and academics use many terms to define risk. These include markets,
benchmarks, asset classes, styles, style boxes, investment objectives,
risk factors, market dimensions, market segments, buckets of stocks,
rules of ownership, slices of the market, industry classifications,
and indexes such as Dow Jones Indexes, Standard and Poor's Indexes,
Russell Indexes, Wilshire Indexes, Morgan Stanley Capital Indexes, Wired
Index, and many more. Style is just one of many terms used. It is simply
a classification of an investment's risk characteristics. Investments
can be grouped into several criteria or dimensions.
Stocks of a particular style generally share long-term risk, return, and correlation characteristics. This helps investors and financial planners decide how to allocate their assets. An equity fund's style refers to the types of stocks the fund holds.
Active mutual fund managers define their own investment style, which guides them in picking individual stocks. For example, a fund manager may manage a growth fund that reflects a style preference of growth stocks.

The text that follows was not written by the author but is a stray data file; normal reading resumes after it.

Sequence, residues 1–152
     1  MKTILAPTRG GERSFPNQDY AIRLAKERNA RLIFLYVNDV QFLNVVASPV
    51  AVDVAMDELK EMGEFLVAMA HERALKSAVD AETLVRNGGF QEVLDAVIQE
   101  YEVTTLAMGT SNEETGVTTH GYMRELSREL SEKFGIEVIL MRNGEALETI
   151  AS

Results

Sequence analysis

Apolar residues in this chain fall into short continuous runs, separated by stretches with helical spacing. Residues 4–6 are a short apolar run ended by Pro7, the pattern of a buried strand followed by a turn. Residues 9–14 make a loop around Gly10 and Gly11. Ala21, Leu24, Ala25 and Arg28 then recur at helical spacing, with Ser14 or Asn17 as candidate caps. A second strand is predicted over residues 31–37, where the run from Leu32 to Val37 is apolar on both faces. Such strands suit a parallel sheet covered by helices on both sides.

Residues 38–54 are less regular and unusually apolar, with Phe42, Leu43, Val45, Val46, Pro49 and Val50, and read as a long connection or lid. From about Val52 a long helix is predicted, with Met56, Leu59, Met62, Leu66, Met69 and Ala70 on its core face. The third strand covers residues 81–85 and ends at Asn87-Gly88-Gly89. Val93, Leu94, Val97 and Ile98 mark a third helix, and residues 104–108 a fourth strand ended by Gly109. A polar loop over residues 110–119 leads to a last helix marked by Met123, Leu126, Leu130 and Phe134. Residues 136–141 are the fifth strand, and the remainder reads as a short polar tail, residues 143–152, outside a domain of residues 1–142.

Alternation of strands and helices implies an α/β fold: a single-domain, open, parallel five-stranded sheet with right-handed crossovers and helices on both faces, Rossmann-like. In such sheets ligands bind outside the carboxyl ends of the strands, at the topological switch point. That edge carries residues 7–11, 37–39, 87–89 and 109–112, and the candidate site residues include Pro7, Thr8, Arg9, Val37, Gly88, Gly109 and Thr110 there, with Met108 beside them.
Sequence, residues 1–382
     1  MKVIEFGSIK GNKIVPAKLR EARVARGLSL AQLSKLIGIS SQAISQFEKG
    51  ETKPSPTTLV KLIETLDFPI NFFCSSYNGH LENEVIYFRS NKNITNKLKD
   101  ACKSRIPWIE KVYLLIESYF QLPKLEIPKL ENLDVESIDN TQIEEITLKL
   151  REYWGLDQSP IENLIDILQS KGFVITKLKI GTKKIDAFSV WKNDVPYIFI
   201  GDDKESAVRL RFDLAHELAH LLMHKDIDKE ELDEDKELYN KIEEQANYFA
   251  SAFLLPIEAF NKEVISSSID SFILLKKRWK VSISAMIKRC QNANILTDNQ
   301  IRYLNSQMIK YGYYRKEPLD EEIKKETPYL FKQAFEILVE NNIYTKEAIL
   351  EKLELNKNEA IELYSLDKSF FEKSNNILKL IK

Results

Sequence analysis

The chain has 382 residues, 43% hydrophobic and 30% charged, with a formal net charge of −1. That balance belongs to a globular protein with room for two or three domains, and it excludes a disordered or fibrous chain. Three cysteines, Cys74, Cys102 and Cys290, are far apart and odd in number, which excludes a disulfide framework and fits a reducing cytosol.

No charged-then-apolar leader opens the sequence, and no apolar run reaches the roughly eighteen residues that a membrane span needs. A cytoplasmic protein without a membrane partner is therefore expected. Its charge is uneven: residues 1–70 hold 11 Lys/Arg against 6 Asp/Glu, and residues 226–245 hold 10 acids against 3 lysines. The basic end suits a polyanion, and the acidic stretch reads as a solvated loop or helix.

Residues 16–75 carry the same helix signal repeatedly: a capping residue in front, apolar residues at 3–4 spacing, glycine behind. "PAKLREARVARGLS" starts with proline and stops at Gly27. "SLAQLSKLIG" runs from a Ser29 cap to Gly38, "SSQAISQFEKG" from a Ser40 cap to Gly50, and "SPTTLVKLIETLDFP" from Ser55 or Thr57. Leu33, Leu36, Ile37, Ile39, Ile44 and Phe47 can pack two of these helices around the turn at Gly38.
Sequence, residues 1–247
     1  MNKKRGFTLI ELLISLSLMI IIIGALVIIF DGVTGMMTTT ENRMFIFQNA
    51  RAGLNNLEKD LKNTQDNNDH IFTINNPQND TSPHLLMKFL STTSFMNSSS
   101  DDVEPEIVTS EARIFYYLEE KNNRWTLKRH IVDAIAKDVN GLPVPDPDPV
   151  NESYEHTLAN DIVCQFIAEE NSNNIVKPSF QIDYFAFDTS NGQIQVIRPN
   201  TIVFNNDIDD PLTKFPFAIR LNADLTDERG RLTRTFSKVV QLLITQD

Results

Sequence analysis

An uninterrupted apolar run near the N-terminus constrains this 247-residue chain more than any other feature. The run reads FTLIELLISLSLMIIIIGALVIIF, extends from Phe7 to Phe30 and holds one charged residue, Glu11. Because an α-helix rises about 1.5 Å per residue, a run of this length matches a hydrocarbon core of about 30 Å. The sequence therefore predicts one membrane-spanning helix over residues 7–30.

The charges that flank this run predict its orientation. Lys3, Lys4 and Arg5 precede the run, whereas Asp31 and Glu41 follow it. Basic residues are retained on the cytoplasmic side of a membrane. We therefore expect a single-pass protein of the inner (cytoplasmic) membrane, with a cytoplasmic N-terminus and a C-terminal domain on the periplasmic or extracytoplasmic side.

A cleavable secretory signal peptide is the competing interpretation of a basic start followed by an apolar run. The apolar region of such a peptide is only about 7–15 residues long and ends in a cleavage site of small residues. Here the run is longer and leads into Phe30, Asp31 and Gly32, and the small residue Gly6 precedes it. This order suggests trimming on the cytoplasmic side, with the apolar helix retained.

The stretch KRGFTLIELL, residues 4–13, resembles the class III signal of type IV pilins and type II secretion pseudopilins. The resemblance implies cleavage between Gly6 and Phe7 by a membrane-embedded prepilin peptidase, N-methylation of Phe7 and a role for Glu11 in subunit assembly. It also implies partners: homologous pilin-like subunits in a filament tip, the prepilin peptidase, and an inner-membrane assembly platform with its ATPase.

The problem with investment style is that it is not consistently defined within the industry. Terms such as large, small, value, and growth have a wide range of definitions. This lack of specificity makes it difficult for investors to measure their risks and rewards, and easier for active managers to claim market beating returns over a nebulous benchmark.
A growth style includes stocks that are experiencing rapid growth in earnings, sales, or return on equity. Growth stocks tend to carry low book-to-market ratios, high price earnings ratios, and usually offer no dividend yields. Growth stocks are priced much higher than their book values, indicating a large portion of the purchase price goes to goodwill. Goodwill is basically the difference between the price and the book value. Growth is somewhat of a misnomer. The price paid for goodwill is often deflated by news of lower than expected earnings growth of these companies. Growth stocks are expected to underperform value stocks and the total market.